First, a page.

Marking NE binaries compatible

07 May 2017

I previously wrote about Win32 binaries using a PE header subsystem version to indicate support for a new version of Windows. But what happens when a binary needs to run on an old version but the new version is sufficiently different to require indicating compatibility?

The transition from Windows 2.x to Windows 3.0 was a very large step. Although the executable format was the same - the New Executable format, aka NE - Windows 3.0 would launch binaries in protected mode with far more available memory by default. Not all programs could handle this; most non-trivial ones would not. Although Windows 3.0 supported a real mode runtime in order to ensure compatibility, it couldn't dynamically switch between modes, so if a user tried to run a Windows 2.0 application on Windows 3.0, it needed to decide what to do. So if asked to run a Windows 2.0 application from protected mode that didn't indicate support, it gave a very descriptive warning:

In order to allow an application to run on both real mode Windows 2.0 and protected mode Windows 3.0 without the warning, two bits were used in the executable format to indicate support for protected mode memory and proportional fonts. The tool to set these bits was distributed with the Windows 3.0 SDK - not exactly convenient, because any application requiring this treatment must have been compiled with the Windows 2.x SDK.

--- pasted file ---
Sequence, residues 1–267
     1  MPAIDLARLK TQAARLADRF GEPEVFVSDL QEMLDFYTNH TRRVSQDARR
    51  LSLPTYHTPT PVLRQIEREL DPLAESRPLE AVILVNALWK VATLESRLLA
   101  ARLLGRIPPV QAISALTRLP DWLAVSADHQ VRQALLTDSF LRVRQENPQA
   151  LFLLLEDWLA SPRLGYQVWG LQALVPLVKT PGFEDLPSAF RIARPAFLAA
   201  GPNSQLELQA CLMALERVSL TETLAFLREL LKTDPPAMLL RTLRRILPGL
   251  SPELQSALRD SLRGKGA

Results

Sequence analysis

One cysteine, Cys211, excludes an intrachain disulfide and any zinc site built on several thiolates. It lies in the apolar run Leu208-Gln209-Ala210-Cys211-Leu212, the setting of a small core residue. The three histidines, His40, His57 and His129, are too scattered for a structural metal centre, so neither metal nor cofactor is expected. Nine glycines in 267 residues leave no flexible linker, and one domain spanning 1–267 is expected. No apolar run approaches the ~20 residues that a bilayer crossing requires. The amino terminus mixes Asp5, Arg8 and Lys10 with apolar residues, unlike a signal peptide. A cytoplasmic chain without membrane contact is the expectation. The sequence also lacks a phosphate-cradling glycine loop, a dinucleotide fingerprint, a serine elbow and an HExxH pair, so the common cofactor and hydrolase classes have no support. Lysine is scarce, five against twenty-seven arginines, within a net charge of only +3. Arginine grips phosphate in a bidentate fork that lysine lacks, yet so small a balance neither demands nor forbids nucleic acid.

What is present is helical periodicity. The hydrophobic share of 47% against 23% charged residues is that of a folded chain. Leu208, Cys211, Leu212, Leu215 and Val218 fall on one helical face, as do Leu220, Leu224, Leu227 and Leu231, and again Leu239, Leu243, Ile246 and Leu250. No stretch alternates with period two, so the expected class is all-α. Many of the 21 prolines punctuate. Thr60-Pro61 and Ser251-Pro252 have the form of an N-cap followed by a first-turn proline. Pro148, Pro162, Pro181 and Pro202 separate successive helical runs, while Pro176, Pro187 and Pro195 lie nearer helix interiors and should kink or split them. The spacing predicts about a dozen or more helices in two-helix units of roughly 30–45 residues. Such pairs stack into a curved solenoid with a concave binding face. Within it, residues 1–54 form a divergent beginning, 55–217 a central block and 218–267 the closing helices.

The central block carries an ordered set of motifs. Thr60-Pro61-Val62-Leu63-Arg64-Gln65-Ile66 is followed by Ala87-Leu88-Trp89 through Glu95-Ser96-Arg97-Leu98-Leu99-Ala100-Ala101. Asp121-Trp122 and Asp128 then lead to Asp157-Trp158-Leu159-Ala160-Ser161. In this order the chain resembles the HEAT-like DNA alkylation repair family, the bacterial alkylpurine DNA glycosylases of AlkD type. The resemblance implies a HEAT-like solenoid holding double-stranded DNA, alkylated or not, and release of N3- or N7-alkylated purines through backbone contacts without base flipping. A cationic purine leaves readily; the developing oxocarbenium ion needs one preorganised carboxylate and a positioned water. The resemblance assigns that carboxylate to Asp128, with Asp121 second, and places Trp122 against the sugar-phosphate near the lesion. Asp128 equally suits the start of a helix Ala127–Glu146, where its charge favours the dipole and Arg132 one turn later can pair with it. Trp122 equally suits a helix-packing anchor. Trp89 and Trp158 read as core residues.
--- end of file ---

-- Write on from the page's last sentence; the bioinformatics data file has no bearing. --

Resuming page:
Microsoft (R) Windows Executable Marker  Version 1.0
Copyright (C) Microsoft Corp 1990.  All rights reserved.

usage: MARK [-q] [MEMORY [FONT]] filename

-q   indicates to MARK.EXE to suppress the listing of major operations.
MEMORY indicates the application is well-behaved in its use of memory
   so that it can run safely in protect mode.
FONT indicates the application will be given the proportional system font,
   instead of the fixed-pitch font used in Windows 2.x.
Application cannot be marked FONT without also being marked MEMORY.

Having marked an application in this way, Windows no longer displays a warning. It's possible to set these bits on any binary - they're in offset 37h from the NE header - but note that if the application really isn't designed for protected memory, it's likely to crash.

Since Windows 2.0 wasn't a very popular platform for developers, there aren't many applications that were marked in this way. One prominent exception is Word for Windows 1.1, which runs on Windows 2.x and 3.x protected mode correctly.